It has gripped an ever-growing army of fans across the world with its epic battle scenes, racy plots and, of course, dragons since first gracing our screens in 2011.
And as the final season of Game Of Thrones premieres next week, more viewers than ever are set to tune in, eager to find out the latest twists and turns in the fight for the coveted Iron Throne. More than one billion viewers in 170 different countries are expected to watch each episode in the final season – which kicks off on April 15.
It comes after records were smashed by season seven finale The Dragon And The Wolf – which saw a magnificent display of firepower as a dreaded White Walker dragon destroyed the Wall at Eastwatch. The episode was watched by 16.5 million people in the US when live and streaming figures are combined.
Even the sixth season finale, which saw Jon Snow declared king of the north, mustered 8.9million live views. But this, the six-part final season, is expected to outdo all previous years’ efforts. Rolling Stone magazine’s chief critic Alan Sepinwall believes the HBO programmes increasing success is down to its uniqueness.
He said: ‘It’s viscerally thrilling in a way that almost nothing in TV has ever been before.’ ‘It does things you never expect TV to be able to do in terms of dragons flying and burning up entire armies and zombies storming down a mountain.’ ‘When Game Of Thrones debuted, back in 2011, TV was a totally different place.
‘Netflix, Hulu and Amazon hadn’t begun to create their own programming, and the audience for great shows wasn’t splintered across niche genres and formats. ‘It was actually possible and enjoyable to keep up with Game Of Thrones and other great shows like Homeland, Breaking Bad and Mad Men as they unfolded week by week.’
He added: ‘Now dozens of original shows, documentaries and mini-series are dumped on to streaming services every month and even the best of them reach much smaller, fragmented audiences.’
Despite its popularity, some viewers have been unwilling to pay to watch it. Game Of Thrones has become one of the most torrented shows in recent years, only overtaken by The Walking Dead last year. This means that actual viewing figures could be significantly higher – as illegal streaming sites do not count towards the statistics.
Any threat of spoilers for the closely guarded final season have been handled by the production team. There were even reports the crew considered using eagles and falcons to combat drones that were being used to spy on filming venues in Northern Ireland. But they opted for the simpler solution of recording confidential scenes near Belfast airport, where drones cannot fly.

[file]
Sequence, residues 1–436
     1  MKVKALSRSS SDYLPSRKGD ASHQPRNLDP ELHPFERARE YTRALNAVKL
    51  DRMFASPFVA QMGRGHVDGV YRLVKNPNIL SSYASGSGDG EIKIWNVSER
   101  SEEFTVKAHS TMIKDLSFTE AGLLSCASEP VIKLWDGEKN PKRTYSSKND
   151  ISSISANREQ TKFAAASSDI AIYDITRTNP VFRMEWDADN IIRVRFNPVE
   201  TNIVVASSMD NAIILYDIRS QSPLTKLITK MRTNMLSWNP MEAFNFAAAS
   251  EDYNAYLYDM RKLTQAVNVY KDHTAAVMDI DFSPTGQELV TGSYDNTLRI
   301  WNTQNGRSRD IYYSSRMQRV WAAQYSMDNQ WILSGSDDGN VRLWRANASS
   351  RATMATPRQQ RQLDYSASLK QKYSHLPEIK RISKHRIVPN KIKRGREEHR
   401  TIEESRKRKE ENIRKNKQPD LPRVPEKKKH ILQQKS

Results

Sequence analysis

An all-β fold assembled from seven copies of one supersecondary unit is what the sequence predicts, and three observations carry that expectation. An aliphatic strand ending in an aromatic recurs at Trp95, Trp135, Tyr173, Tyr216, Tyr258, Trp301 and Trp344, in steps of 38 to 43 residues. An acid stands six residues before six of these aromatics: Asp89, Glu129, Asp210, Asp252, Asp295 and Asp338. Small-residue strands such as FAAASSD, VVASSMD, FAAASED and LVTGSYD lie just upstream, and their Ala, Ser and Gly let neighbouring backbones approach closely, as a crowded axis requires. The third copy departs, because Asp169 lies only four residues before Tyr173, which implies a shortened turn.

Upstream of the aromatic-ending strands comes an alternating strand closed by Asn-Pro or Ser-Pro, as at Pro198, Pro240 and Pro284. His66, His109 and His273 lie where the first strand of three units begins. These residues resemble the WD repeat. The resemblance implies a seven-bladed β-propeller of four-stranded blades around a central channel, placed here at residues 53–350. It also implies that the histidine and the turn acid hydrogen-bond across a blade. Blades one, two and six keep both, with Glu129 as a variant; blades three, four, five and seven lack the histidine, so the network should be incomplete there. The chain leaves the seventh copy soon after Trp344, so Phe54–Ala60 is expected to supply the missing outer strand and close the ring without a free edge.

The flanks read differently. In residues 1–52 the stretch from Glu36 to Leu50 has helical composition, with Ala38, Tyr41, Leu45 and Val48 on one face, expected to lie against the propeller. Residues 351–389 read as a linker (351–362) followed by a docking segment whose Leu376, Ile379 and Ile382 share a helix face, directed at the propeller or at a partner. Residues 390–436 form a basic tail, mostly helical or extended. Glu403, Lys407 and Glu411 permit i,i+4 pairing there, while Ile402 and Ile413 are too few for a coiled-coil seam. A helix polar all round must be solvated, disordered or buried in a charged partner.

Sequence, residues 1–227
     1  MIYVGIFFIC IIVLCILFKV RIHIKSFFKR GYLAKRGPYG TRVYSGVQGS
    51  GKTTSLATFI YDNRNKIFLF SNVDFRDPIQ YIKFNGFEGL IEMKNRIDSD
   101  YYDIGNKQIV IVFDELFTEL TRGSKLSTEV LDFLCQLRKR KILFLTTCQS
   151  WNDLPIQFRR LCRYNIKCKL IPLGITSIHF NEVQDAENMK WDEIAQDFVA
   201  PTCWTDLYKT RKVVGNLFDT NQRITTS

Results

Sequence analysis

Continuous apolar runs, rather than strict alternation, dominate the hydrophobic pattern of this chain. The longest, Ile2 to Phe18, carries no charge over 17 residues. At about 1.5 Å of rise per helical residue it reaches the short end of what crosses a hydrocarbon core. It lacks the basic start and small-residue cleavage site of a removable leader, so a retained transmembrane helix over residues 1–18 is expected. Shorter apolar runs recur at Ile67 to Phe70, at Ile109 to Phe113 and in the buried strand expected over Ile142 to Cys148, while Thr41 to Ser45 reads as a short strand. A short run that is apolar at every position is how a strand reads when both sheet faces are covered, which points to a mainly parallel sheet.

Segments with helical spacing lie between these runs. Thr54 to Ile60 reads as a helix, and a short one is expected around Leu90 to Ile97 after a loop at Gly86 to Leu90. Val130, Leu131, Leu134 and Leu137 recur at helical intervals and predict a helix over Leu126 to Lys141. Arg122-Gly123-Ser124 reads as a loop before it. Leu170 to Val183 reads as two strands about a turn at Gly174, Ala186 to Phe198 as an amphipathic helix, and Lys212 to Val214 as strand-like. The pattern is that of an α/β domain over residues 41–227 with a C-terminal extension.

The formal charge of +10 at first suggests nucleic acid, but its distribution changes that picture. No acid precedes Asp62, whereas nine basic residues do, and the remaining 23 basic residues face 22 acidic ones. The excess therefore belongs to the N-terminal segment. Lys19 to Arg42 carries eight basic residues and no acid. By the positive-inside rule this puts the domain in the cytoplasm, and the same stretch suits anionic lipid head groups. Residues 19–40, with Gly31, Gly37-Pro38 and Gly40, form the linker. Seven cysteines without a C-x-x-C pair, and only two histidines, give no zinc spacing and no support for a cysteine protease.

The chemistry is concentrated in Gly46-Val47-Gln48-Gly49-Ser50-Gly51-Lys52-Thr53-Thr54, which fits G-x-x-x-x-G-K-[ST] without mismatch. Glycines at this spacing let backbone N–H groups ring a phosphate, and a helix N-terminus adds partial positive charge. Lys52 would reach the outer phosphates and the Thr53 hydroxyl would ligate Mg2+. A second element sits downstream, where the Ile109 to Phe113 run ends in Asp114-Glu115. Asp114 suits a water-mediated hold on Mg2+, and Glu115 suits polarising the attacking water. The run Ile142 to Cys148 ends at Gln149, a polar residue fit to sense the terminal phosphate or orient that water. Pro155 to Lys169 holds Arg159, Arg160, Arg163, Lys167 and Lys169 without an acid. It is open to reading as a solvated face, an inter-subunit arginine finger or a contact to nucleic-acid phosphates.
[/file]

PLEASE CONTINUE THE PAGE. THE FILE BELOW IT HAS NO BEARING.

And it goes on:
The popularity of the show is clear, but it has not been without its controversies. A backlash came after Jaime Lannister graphically raped his sister Cersei in the season four episode Breaker Of Chains. It was even described as ‘the most screwed up sex scene ever broadcast on television’.
Jamie and his cold-hearted sister are believed to continue to play key parts in the final series, with huge battle scenes a chance for the Kingslayer to win back audiences. The Battle Of Winterfell, a showdown between the White Walkers and humans, is set to top the Emmy award-winning Battle Of The B* from season six by being one of the longest and most expensive battles in television history.
The episode is reported to last for 90 minutes and to reunite main characters including Jon Snow, Daenerys Targaryen, Tyrion Lannister as well as faces not seen since the first episode.
There are also at least five Game Of Thrones prequels in the works, and last year it was announced that HBO is to make a pilot for one of them. It’s been co-created by Jonathan Ross’s wife Jane Goldman – whose writing credits include the X-Men and Kingsman films – and George RR Martin, author of the books on which Game Of Thrones is based.
The synopsis says, ‘The series chronicles the world’s descent from the golden Age of Heroes into its darkest hour. ‘And only one thing is for sure: from the horrifying secrets of Westeros’s history to the true origin of the White Walkers, the mysteries of the East to the Starks of legend… it’s not the story we think we know.’ A tease yes, but HBO president Casey Bloys also said, ‘It will feel different but still Game Of Thrones. ‘It’s 8,000 years before, so it’s a very different setting, a very different time in Westeros.’